Imagine my suprise when I turned on my radio and heard Brian VanOchten, of the Grand Rapids Press, on Bill Simonson's "Huge" show, spewing ignorant, exasperated tripe about how the lack of a splashy signing meant it was the "same old Lions". Odd, but I seem to remember Matt Millen making a while lot of splashy free agent signings that amounted to precisely jack and squat over eight long, painful years of failure. No, I think Mayhew's initial approach--the exact one he said he'd take from the get-go--was the right one.
Oh, but just because he didn't make a splashy free-agent sign, didn't mean he wasn't about to make waves. News broke that the Dockery "free agent visit" was actually part of an accidentally unconsummated trade (gee, thanks Buffalo!), resulting in Dockery returning to the team that drafted him, the Redskins--who, somehow, still had some money left? Undeterred, Mayhew managed to work a stunner of a deal in his third attempt. He dealt Jon Kitna to the Cowboys for--at least--CB Anthony Henry, a legit veteran starting cornerback. Admittedly, he's coming off a down year, but he's still an enormous upgrade over Travis Fisher as a #1 CB. Mayhew also filled some depth with WR Bryant Johnson, who would make an okay inurance policy if neither Nate Washington nor T.J. Houshmandzadeh will sign here--and an awesome #3 if one of them does sign. He also addressed CB depth and the lack of specialized special teamers by signing ex-Titan CB Eric King.
Finally, we come to the real whiz-bang deal of the evening: hot on the heels of the reports of Matt Cassel being traded to the Chiefs, several sources reported that the Lions had dangled a "flip this house" scenario to the Broncos: We'll get you Matt Cassell if you'll give us Jay Cutler. First of all, the fact that this even reached the dicussion stage should put to rest any visions some had of a diaper-clad Martin Mayhew, sitting in a high chair at the Big Boy table, crying for his mama because widdle ole him don't know what ta do. Second of all, trading for Cassell--to flip him for Jay Cutler?!? Not only would our quarterback picture have gone from one of the gloomiest to one of the brightest (Cutler the starter, Culpepper the veteran backup, Stanton the project), the proposed chain of trades would have been plain crazy, as would have been the press coverage and fan reaction. Crazier still is this: the fact that the deal was even discussed at all infurated Cutler--to the point where he is referring to his Broncos career in the past tense to the Denver media. The latest as the "first 48" come to a close? That the deal may not be dead, and the Lions may still be in the hunt.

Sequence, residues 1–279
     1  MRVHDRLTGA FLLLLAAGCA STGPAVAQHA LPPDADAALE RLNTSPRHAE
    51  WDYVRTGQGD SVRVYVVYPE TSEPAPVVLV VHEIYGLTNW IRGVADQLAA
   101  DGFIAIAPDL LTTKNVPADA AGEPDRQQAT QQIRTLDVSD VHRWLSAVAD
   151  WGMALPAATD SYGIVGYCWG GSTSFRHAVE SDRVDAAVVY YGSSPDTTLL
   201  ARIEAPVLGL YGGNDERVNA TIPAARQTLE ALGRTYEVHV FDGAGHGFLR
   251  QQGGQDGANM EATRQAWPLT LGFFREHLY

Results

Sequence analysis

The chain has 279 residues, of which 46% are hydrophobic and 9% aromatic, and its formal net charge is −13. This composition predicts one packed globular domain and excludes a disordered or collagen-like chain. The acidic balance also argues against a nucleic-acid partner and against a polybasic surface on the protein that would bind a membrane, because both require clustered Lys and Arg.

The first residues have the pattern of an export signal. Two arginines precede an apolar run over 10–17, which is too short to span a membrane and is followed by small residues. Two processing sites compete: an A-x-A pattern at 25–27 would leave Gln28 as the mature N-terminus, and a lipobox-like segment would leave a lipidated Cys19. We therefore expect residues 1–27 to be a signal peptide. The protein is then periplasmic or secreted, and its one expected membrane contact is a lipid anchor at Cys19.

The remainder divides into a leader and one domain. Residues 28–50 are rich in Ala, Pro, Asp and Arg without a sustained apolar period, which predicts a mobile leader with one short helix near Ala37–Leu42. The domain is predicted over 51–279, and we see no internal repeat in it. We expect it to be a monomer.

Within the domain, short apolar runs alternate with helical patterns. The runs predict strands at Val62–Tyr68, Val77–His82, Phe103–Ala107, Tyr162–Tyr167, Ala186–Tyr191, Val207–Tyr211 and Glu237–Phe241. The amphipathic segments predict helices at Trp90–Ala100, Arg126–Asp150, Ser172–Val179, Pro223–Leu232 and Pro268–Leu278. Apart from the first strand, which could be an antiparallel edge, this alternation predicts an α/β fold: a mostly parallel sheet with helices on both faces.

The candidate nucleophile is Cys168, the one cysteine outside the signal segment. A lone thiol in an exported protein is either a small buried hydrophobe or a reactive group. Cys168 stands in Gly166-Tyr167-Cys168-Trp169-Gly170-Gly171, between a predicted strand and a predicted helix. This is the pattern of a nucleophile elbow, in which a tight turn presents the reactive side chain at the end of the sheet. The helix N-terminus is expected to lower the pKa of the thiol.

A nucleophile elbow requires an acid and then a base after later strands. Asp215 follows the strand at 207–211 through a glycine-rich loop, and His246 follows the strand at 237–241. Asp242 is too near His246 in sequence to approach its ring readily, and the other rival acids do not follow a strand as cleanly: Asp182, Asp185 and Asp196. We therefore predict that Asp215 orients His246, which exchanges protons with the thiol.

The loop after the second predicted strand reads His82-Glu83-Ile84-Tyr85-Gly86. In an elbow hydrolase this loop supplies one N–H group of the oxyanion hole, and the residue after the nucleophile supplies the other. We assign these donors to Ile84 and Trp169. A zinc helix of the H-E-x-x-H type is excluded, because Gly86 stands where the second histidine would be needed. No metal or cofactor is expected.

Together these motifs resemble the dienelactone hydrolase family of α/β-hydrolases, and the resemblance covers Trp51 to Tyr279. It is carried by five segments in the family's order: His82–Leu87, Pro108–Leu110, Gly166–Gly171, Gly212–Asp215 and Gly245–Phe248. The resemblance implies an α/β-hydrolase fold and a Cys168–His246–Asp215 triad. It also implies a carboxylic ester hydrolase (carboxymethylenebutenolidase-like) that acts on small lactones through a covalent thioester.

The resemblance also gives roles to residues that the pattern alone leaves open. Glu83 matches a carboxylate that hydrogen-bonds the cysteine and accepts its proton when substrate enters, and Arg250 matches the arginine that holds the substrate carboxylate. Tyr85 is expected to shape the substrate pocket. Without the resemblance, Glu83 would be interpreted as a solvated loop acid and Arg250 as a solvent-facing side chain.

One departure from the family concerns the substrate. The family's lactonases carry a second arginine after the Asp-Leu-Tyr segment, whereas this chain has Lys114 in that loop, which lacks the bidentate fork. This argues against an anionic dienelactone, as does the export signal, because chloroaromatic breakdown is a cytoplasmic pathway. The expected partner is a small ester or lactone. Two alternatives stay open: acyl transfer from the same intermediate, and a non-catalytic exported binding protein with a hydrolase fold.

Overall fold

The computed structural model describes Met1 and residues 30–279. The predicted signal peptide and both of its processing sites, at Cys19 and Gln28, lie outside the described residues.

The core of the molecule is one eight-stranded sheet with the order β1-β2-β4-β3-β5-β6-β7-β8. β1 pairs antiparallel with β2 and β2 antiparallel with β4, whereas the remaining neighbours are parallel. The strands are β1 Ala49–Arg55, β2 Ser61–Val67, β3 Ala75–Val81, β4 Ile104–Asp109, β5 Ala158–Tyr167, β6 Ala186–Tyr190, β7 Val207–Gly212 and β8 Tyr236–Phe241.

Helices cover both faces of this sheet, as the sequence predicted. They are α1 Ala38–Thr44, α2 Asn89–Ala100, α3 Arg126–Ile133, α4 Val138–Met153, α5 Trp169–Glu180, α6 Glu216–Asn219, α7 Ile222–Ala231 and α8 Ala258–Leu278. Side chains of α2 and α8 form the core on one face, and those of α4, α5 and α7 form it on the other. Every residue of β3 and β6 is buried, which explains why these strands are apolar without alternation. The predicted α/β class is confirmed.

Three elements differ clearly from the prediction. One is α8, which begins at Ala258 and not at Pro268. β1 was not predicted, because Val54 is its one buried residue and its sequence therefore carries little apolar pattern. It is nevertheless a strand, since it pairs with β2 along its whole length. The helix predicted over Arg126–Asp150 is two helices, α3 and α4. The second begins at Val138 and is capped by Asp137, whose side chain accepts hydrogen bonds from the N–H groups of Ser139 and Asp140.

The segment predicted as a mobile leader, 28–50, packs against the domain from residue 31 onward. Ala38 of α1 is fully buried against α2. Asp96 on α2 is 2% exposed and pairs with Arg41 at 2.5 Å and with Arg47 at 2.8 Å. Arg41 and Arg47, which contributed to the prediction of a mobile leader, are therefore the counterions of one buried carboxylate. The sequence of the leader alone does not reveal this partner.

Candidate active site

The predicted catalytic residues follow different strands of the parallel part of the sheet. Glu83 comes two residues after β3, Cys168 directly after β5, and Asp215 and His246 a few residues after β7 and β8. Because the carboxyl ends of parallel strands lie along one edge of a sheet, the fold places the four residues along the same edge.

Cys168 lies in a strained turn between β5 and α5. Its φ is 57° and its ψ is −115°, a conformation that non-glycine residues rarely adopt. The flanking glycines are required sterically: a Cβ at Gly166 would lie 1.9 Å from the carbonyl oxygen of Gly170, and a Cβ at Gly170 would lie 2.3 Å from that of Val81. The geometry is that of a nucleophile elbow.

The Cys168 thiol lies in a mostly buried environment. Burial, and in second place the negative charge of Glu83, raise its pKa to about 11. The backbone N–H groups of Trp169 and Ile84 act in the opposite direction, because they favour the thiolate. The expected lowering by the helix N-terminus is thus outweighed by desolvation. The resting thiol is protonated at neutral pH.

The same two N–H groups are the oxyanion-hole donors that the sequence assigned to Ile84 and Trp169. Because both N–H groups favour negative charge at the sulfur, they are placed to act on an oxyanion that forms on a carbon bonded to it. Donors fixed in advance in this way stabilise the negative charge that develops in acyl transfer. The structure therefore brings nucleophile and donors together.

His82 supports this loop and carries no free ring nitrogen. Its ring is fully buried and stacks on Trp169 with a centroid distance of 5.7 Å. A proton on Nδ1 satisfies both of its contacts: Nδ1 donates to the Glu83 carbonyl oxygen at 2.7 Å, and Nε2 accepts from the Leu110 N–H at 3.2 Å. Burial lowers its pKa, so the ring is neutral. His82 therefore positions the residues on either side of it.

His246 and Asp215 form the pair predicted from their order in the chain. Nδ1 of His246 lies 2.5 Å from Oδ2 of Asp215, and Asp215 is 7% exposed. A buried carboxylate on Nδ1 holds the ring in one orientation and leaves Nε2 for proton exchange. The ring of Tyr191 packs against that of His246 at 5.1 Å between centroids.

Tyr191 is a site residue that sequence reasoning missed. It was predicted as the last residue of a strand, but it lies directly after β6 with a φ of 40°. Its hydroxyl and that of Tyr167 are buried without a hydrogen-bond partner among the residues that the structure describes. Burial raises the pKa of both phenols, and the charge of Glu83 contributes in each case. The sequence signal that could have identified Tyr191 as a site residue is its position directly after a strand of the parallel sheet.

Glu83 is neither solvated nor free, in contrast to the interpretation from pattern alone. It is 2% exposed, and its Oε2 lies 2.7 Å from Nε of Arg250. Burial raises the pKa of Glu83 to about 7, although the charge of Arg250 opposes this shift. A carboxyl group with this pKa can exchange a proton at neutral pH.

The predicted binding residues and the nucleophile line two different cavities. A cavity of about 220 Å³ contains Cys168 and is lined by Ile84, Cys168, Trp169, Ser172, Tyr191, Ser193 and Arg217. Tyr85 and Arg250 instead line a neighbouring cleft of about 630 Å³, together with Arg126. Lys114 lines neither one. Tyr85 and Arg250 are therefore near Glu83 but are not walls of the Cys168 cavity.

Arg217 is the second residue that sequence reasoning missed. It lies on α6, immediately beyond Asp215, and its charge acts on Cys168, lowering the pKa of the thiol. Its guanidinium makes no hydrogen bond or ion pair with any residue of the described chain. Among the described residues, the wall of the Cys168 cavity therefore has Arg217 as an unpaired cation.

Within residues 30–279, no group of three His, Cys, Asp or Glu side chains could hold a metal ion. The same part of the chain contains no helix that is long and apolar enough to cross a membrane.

What's the verdict? In the matter of Lions Fans versus Martin Mayhew, on one count of being a real NFL GM, me the jury finds the defendant guilty. Mystery solved.